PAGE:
The Equites citrati iuniores

This page created 28 August 2014, and last modified: 3 December 2015 (Maier reference numbers added)


The Equites citrati iuniores is listed (102/5.37 in Ingo Maier's numbering scheme) as the 25th of the vexillationes comitatenses in the Magister Equitum's cavalry roster; it is assigned (102/5.244) to the Comes Africae as the Equites crinati iuniores. Its shield pattern (101#15), as shown in various manuscripts under the label (101.p) Citrati iuniores, is as below:

Shield patterns

Disclaimer: Remember, a lot of what comes below is speculation. Hopefully informed speculation, but speculation nonetheless. Comments welcome! (lukeuedasarson "at"

Note that Seeck amended (OC.VI.74) the unit's name to the Equites cetrati iuniores, with an "e" (and indeed, it is so-spelled in the illustrations accompanying the printed Froben edition; either implying a superior textual transmission via the lost Basel manuscript, or editing by Rhenanus).

The shield pattern has a blue boss quartered with white (W), with blue (O, P), or unquartered (M); B instead has white quartered with white. The main field is green (faded to yellow in M); it is charged with a blue disc (yellow in M, white in B) at the 9 o'clock position (3 o'cock in B, which, being printed, reverses all the shield facings), and also a large yellow draco - a military standard that was introduced to the Roman forces during the 2nd century AD as a result of the Dacian wars, and which became more popular with time, to judge from e.g. Vegetius, in which a cohort is given its own standard, kept by a draconarius. Despite the name "draco" (serpent, dragon), illustrations of dracones often seem to feature a head that looks more wolf-like than serpent-like.

Draco from Trajan's column
Dacian draco coin
Draco on Arch of Constantine
Dacian draco from Trajan's column (113 AD).
Roman coin of ca. 250 AD showing a Dacian with a draco.
Dracones on the Arch of Constantine (ca. 315 AD)
Photo by Radu Oltean and used under CCA 3.0 license.
Photo by Rc13 and used under CCA 3.0 license.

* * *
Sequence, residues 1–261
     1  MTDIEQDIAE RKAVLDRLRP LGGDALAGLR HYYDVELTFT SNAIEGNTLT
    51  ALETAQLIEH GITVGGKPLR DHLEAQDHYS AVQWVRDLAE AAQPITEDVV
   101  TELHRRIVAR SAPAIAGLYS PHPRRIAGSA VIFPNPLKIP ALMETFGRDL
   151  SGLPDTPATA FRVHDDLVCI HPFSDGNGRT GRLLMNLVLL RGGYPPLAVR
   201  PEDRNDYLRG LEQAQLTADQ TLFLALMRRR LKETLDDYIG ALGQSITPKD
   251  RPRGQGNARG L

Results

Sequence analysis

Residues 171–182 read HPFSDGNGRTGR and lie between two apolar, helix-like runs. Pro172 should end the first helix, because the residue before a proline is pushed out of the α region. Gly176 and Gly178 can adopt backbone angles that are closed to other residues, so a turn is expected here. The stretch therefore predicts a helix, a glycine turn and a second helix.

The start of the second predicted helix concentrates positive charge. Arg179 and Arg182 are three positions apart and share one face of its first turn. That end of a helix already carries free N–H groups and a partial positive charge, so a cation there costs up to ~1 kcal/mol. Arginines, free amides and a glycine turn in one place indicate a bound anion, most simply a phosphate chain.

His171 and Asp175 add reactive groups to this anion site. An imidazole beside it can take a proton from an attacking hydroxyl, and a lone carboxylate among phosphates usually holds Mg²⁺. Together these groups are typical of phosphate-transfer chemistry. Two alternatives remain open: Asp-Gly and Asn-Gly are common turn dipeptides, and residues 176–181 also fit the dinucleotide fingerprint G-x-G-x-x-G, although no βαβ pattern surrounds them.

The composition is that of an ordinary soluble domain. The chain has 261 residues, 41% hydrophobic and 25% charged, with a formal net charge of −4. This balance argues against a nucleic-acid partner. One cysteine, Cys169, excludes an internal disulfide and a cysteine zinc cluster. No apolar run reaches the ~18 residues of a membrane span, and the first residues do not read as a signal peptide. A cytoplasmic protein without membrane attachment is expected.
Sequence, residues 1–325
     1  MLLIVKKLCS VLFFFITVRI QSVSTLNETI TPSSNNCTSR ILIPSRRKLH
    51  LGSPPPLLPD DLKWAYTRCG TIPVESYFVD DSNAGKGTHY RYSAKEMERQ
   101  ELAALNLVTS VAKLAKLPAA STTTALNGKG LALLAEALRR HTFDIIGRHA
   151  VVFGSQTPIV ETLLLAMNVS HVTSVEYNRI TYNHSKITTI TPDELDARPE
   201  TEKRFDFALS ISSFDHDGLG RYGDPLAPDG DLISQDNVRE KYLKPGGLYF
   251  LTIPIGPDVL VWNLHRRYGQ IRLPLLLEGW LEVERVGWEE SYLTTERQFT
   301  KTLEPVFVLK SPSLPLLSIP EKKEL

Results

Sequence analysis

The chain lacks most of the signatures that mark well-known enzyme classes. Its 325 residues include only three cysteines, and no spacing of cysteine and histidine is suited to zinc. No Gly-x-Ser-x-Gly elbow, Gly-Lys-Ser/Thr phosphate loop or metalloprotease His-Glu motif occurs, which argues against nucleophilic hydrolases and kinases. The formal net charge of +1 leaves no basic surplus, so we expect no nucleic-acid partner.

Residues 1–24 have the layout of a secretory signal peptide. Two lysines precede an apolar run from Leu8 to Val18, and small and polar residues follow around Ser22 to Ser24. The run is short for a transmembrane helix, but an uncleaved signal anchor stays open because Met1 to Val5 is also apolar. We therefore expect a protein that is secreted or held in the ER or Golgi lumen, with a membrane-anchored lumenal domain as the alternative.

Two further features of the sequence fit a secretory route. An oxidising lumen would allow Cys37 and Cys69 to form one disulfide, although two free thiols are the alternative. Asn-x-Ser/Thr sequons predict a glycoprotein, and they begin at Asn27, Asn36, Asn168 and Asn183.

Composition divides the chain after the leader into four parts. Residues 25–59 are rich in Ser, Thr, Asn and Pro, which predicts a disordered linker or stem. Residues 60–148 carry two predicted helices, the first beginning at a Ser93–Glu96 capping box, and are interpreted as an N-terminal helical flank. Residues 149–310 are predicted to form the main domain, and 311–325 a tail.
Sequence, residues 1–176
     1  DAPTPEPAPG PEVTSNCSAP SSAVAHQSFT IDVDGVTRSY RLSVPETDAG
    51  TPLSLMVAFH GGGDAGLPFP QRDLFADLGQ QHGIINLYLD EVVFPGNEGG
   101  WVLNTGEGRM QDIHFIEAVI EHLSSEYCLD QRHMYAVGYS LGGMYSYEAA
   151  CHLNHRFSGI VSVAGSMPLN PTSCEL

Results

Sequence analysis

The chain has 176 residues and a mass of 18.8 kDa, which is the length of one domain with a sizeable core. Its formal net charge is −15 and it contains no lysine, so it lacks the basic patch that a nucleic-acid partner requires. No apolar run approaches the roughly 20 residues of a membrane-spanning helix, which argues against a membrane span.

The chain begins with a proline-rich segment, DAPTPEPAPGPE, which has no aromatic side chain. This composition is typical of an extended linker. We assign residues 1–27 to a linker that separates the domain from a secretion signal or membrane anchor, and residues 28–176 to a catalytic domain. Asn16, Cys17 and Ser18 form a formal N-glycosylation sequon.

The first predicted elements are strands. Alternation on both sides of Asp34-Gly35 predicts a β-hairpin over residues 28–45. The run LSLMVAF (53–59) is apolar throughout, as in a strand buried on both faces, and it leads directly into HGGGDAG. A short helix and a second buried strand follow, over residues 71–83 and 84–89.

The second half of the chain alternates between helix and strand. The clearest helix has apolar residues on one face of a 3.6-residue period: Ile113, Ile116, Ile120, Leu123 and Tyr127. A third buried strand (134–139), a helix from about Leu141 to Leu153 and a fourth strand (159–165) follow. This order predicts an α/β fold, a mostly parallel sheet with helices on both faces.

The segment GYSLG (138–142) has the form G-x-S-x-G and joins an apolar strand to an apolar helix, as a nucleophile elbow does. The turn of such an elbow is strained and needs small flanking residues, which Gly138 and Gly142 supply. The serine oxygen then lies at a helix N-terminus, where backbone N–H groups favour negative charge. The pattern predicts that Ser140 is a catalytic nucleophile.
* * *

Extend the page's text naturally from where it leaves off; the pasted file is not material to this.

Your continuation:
Photo by MM and released into the public domain.

The disc, despite appearing plain, is probably intended to represent an imago - an imperial portrait. This can be seen by comparing some other shield patterns of draco-bearing units, using the patterns taken from the Paris manuscript:

Shield patterns showing dracones

The "unlabelled" pattern (106#5) from the western Magister Officiorum is actually drawn much larger than the other two in the mansucripts, allowing the imperial portrait to be clearly depicted.

The name cetrati refers to a small shield, a "cetra", and more classically a "caetra", and which was typical of Spanish light infantry in the Roman republican era. The word was used by Latin-writing authors to cover a multitude of shields smaller than a typical large Roman "scutum", and while thus typically used for shields borne by light infantry, it also encompassed the heavy bronze-faced shields carried by Macedonian phalangites, which were however, "just" 60 to 75 cm in diameter. It is possible the men of the Equites c[e]trati iuniores carried smaller shields than standard cavalrymen, but it is also possible that the name was anachronistic in much the same way that scutarii had become: scutarii had come to have a secondary meaning of "guardsmen" by this date, and not just "scutum-bearers".


1. Ingo Maier; "Appendix 4: Numeration of the new edition of the compilation 'notitia dignitatum' (Cnd)"; last accessed 26 October 2015. See also for here for numbering examples. Return
2. Otto Seeck (Ed.); "Notitia Dignitatum accedunt Notitia urbis Constantinopolitanae et Latercula prouinciarum", Weidmann, Berlin, 1876; available here (last accessed 26 October 2015). Return
3. Publius Flavius Renatus Vegetius ("Vegetius"); "Epitoma rei militaris", 2.13; available here in Latin and here in English (last accessed 3 December 2015). Return


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